David was also a man of integrity, which is described and defined: as honesty and having strong moral principles. The world teaches us it is all about making a good first impression. The Bible tells us God is not impressed by outward appearances but the inward contents of a person’s heart, their character.
Spiritual, humble, and a person of integrity. How does God train a person who has a heart after Him? Let’s observe David. He is a shepherd. His job is done in solitude. God trains and teaches us life’s lessons alone, before we are placed in a position of responsibility. You must get alone with God and allow His Word to search your heart. We see a culture today which cannot stand to be isolated. Who constantly want to be connected to others via our smart phones while we search online while a large screen television offers a limitless number of choices for mindless entertainment and ear buds placed in our ears constantly provide music. We are an affluent society and affluence breeds boredom.
As we read David’s Psalms, we know this is a young man who spent time, evening after evening sitting under the stars at night alone watching the sheep. He contemplates the God who created everything and asks Him, – what is man? David was born in the small town of Bethlehem away from the crowds of Jerusalem. David, like Jesus, was raised in both adversity and obscurity. David had seven older brothers and he had been forced to fight off both a lion and a bear. Solitary and isolated. God wants us to spend time with Him alone. David knew how to deal with the monotony of life to deal with the same-old, same-old with faithful service, doing the everyday monotonous task that were required of a shepherd. David understood what the real world was about.
We watch so much make-believe on television and in the movies, it blurs what the real world is about. And yet God chose to use David, a shepherd boy for he had developed a heart for God. Moses was a Prince in Egypt, but it was on the backside of nowhere doing the same thing every day for 40 years he was equipped for the task. Our own Lord Jesus, God the Son, spent 30 years in Nazareth as a carpenter in a poor family until the fullness of time came. After that, He made Himself known and began a 3 year ministry which would turn the world upside down.
Surely this was not the way you prepared a man to be king and fight giants. But God’s ways are higher than our ways.
Now let’s make sure we do not take this method and turn into monks who live in isolation in a monastery. Getting alone with God means you get alone with Him to discover which way to go. How to be more responsible and diligent in all areas of your life.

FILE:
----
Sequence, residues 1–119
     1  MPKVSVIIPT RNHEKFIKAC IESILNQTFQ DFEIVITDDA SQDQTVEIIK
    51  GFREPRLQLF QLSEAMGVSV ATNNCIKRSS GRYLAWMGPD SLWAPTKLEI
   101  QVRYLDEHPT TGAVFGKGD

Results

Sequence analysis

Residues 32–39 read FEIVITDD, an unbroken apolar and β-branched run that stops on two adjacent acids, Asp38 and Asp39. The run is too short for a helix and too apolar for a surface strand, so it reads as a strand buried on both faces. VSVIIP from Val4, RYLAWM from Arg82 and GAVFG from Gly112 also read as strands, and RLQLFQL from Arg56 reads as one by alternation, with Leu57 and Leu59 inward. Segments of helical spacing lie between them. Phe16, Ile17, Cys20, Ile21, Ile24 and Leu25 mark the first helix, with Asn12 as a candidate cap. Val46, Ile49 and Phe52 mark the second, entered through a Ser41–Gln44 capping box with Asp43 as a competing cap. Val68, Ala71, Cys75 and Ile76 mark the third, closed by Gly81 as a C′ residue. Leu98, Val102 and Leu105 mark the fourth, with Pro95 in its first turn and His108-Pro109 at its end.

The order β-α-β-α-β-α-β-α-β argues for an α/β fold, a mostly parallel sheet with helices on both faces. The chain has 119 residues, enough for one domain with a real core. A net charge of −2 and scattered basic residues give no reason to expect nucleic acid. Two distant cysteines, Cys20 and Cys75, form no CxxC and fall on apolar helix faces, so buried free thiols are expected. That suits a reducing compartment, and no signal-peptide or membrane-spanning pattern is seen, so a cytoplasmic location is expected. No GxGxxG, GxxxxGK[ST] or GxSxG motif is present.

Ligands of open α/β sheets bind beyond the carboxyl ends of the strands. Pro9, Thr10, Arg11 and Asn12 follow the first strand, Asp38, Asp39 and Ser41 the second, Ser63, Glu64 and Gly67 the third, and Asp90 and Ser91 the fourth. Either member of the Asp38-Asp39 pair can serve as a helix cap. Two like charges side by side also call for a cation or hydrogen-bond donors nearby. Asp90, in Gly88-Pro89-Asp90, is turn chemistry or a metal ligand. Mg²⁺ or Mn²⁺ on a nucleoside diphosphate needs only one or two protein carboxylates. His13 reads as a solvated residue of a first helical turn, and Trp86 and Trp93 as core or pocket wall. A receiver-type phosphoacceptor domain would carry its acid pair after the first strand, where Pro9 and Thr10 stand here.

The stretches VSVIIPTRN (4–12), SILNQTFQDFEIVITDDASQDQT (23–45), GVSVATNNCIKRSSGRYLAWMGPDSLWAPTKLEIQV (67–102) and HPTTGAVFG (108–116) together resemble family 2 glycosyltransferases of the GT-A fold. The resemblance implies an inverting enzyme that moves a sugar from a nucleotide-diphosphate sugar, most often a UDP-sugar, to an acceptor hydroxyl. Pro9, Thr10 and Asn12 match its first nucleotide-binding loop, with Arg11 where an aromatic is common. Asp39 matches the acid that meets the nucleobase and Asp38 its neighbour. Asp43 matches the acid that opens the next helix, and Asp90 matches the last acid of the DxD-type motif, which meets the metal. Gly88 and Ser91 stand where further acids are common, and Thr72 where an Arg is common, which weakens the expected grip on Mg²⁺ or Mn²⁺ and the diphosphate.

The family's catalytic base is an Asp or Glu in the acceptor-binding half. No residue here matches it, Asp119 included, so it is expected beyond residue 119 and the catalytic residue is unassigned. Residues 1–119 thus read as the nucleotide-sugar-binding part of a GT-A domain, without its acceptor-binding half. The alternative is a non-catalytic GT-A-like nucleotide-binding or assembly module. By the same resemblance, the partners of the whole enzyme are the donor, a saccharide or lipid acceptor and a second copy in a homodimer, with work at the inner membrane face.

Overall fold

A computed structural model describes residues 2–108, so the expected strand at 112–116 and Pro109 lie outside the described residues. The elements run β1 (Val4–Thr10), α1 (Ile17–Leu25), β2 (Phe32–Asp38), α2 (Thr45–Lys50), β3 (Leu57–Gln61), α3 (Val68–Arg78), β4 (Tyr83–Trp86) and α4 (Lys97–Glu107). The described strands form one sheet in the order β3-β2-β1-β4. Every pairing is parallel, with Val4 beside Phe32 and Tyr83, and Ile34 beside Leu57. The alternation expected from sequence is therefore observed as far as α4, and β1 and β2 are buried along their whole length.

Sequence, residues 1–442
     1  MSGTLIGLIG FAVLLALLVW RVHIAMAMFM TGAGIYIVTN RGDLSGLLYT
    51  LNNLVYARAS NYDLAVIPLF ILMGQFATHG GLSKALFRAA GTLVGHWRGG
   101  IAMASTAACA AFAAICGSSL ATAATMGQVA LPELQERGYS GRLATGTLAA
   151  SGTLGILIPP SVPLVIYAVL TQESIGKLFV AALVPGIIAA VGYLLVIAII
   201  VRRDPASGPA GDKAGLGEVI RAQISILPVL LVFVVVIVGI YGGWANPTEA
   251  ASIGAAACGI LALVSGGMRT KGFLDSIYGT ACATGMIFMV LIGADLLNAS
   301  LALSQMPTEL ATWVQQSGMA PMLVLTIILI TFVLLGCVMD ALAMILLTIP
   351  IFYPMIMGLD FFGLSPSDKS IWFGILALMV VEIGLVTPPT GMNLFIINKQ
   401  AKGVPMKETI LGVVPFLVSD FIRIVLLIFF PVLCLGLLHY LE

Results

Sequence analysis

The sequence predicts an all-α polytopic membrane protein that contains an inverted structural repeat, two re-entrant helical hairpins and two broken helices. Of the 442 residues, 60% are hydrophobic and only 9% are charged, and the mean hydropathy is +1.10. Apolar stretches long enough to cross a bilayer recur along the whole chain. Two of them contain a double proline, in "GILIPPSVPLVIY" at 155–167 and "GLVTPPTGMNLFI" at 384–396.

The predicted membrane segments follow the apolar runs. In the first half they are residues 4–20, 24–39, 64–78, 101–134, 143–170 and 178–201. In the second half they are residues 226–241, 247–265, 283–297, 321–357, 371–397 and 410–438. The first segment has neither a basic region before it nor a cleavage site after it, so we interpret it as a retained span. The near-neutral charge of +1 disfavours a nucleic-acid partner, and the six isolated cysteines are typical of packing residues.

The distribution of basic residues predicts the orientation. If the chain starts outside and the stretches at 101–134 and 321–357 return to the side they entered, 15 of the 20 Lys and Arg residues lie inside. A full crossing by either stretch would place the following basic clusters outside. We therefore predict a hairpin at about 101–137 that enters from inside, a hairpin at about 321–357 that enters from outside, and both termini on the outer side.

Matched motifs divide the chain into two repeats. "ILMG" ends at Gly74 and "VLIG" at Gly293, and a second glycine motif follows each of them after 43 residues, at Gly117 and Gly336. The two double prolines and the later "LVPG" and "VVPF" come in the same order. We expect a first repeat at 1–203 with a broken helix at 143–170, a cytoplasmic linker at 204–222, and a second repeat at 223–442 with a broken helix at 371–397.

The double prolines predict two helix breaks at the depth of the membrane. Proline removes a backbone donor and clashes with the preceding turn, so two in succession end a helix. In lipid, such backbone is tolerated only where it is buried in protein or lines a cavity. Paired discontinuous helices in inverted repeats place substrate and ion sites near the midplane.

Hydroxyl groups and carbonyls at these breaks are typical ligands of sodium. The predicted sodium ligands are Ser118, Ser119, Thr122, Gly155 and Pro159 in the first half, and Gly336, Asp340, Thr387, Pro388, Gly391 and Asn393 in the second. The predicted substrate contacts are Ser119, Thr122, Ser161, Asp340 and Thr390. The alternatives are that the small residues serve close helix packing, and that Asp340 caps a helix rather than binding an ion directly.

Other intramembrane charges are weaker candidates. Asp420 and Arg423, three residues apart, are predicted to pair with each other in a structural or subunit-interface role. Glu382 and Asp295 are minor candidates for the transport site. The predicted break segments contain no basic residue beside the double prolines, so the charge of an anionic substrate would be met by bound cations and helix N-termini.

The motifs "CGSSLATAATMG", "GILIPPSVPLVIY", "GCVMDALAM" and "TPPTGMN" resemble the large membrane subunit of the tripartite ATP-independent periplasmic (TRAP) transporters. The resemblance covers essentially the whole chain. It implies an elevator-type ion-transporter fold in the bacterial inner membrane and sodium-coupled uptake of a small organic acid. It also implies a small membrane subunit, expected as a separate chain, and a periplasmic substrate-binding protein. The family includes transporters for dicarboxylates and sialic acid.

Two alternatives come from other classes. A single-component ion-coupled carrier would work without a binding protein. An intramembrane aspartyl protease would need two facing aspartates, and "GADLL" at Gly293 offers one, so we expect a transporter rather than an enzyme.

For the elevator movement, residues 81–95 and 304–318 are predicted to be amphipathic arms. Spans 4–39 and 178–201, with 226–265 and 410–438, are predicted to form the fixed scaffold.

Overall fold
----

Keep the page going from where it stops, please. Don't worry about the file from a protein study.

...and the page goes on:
It is in the little things and the lonely places God trains us and empowers us to do the bigger things. Faithful in little is God’s first tests. Taking care of sheep. God takes His time doesn’t He? The conversion of your soul took place in a moment. The sanctification process of conforming you to the image of His Son is a lifetime task. Welcome to God’s classroom and curriculum: obscurity, adversity, monotony, this is the real world. This is my Father’s World.
Now notice when Samuel anointed David with the oil, the Spirit of the Lord came upon David from that day forward. At the same time, we read the Spirit of the Lord departed from Saul and a distressing spirit from the Lord troubled him.
Guess what happens next? To soothe the troubled Saul, one of his servants knew of David the shepherd boy who could sing and play the harp with such skill it would sooth the troubled king. And David came to Saul and stood before him. David loved King Saul and became his armor bearer. He found favor in Saul’s eyes just as Joseph did with Potiphar, and the prison warden and the Pharaoh.
It was David’s musical ability which introduced him to the royal court which then led to his military career. The opportunities of life matched his gifts and talents which had been developed in isolation, small, seemingly unimportant tasks, which he performed faithfully day in- day out. Adversity came in the form of not only older brothers who can be relentless in picking on a younger brother, but also in the protection of his flock from a lion and a bear.
Here in lies our basis for success as Christians:
1. Know your gifts.
2. Realize God chose the time and place you are to serve Him.
3. God gave you the gifts which shape your life. S.H.A.P.E. God has given each of us Spiritual gifts when we got saved. He then gives us a Heart, a passion to express and use those gifts. These gifts will be teamed with Abilities you were born with, natural talents. These are to be developed and when empowered by the Holy Spirit, you can do what only you can do in the place where God has placed you according to Acts 17. Each of us are unique, and each has a Personality which God uses along with our Experience He has allowed. All of this comes together as the Potter shapes your life through the pressures, the perplexities, the ups and downs of life.
4. Then you can surrender to God and say where ever you lead I will follow.
In Psalm 139, David after years of following the Lord and looking back realizes: “For you formed my inward parts; you covered me in my mother’s womb. I will praise You, for I am fearfully and marvelously made. Marvelous are your works and that my soul knows very well. My frame was not hidden from You, when I was made in secret, and skillfully wrought in the lowest parts of the earth.
David knew, and I hope you know, God made you and shaped you and gifted you with what He wanted you to have.